Buying a disputed domain name: price

Many domain name disputes settle by agreement: the domain name registrant agrees to transfer the domain name to the person making the complaint, often in exchange for payment. I am sometimes asked what price should be paid.

My answer usually depends upon three factors: (i) the probability of being able to recover the domain name through arbitration (or court) proceedings; (ii) the probable costs of doing so; and (iii) the value of the domain name to the complainant.

For example, suppose that a competitor of ours had registered <seqlegal.co.uk>.  We might assess our chances of recovering the domain name through the Nominet dispute resolution services as very good (say 90%).  We would know that the costs of recovering the domain would likely be the basic Nominet fee (£750 plus VAT) plus our own time spent preparing the complaint (which for the sake of argument we can value at £750 plus VAT). Taking into account each of these factors, we would be investing £1500 plus VAT in a 90% chance of recovering the domain name.  So, subject to my comments below, £1500 plus VAT would seem to be a reasonable price to pay for a purchase of the domain name (i.e. a 100% chance of recovering the domain name).  If however the chance of recovery was lower, or the costs of arbitration proceedings were higher, the level of a reasonable price would rise. The value of the domain name may also be relevant.  If <seqlegal.co.uk> was critical to our business, I might not want to risk a 10% chance of not recovering the domain name.  In those circumstances, I might pay a premium for the 100% chance of recovering the domain name. Of course, in many cases settlement may be undesirable irrespective of price.

Brand owners may be reluctant to reward a cybersquatter, and a payment may encourage other cybersquatters to try their luck.

Comments

Hello, I am interested in buying a domain name lets say from http://www.sedo.com where you place bids for the domain name. If i bid for 500$ (dollars) and the seller pick me, what's the final amount i am going to pay with the vat and taxes?? Looking forward for your answer, Thank you, Averkios

That will depend upon where you are, where the seller is, the tax regimes in each of those jurisdictions, and SEDO's T&Cs.  You should speak to your accountant or tax advisor about this.

I don't understand this argument.  If a name is so important to a client, why dont they first try the Nominet approach and then try litigation?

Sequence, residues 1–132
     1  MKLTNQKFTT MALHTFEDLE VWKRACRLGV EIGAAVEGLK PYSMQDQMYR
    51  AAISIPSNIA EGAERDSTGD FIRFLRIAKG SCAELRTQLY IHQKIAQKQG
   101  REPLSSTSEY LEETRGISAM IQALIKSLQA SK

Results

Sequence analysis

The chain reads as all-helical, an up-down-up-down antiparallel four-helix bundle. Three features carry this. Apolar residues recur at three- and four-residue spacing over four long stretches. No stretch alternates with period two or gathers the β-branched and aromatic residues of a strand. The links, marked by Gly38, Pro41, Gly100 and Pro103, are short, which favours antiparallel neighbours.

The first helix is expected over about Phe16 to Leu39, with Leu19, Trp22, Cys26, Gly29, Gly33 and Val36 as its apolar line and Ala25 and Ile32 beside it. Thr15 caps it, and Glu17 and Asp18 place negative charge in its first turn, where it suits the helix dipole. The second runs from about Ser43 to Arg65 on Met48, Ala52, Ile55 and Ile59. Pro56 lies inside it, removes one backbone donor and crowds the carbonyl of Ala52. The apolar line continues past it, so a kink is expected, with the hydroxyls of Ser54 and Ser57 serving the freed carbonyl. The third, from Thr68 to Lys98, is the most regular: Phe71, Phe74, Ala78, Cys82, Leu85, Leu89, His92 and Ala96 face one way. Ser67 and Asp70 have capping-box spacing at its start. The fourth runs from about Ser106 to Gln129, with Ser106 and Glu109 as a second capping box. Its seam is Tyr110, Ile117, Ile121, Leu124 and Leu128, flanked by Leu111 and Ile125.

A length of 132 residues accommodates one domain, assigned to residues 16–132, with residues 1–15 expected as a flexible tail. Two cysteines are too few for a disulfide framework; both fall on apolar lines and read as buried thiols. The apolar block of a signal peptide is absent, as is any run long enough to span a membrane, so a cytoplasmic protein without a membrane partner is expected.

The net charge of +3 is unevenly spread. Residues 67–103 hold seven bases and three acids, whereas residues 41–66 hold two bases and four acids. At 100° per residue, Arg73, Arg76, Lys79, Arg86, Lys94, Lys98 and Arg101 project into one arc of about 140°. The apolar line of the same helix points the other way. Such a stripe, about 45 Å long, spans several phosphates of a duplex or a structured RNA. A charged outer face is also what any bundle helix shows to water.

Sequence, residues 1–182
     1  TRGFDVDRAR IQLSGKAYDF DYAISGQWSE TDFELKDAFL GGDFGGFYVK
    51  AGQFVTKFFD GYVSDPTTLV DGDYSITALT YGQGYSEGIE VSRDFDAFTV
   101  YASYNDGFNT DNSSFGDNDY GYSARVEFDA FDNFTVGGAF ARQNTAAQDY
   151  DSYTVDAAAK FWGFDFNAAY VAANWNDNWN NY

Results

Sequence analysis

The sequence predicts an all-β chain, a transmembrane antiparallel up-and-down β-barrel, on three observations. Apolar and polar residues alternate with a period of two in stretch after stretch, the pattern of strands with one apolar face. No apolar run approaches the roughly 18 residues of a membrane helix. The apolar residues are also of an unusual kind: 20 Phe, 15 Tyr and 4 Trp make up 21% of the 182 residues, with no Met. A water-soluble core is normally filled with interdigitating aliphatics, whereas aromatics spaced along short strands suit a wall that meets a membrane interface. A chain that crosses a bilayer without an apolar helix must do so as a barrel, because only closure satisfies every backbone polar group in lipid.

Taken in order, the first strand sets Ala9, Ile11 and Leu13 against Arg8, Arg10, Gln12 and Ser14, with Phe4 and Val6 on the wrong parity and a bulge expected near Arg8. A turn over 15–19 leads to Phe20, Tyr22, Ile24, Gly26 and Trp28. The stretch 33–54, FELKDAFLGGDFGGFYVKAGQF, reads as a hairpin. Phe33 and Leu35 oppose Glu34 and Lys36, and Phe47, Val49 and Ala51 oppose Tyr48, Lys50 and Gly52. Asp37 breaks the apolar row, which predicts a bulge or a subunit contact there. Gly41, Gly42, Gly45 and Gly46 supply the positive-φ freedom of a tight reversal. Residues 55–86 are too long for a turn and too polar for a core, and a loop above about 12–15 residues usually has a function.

Hello Alasdair, I know this is an old thread but it is of interest to me. A friend of mine owns a tea & coffee shop & just recently opened a second much larger one. They are pending trademark approval for their company logo which is smart & unique designed by a good design agency. The business is 3 years old & the website i am looking into (.co.uk) was bought 7 years ago. My friends website has some representation of his brands name in it but the person that owns the short TLD has bought many many dozens of 3 & 4 letter (.co.uk) domain names and have no content or servers on any of them. Can my friend apply to Nominet and dispute this and does he have a good chance (ie above 90%) of acquiring it or should he first approach the cybersquatter himself with a reasonable offer? I hope this covers most of my issues & thank you 4 your time Alasdair. Andrew

Thanks Andrew for this comment.

It can be difficult to show that a domain name amounts to an "abusive registration" (one of the criteria for a successful complaint using the Nominet DRS) if the domain name registration pre-dates the complainant's business and trade marks. To have a good prospect of success, you would usually need to show some abusive change in use in the domain name post-dating the establishment of the complainant's rights.  See:

http://www.nominet.org.uk/disputes/resolving-domain-disputes/drs-guidanc...

To sensibly opine any further on this, I'd need to know a little more about the trade marks / domain names in question. You are very welcome to send details via the website contact form, and I will get back to you by email.

http://www.seqlegal.com/contact-form

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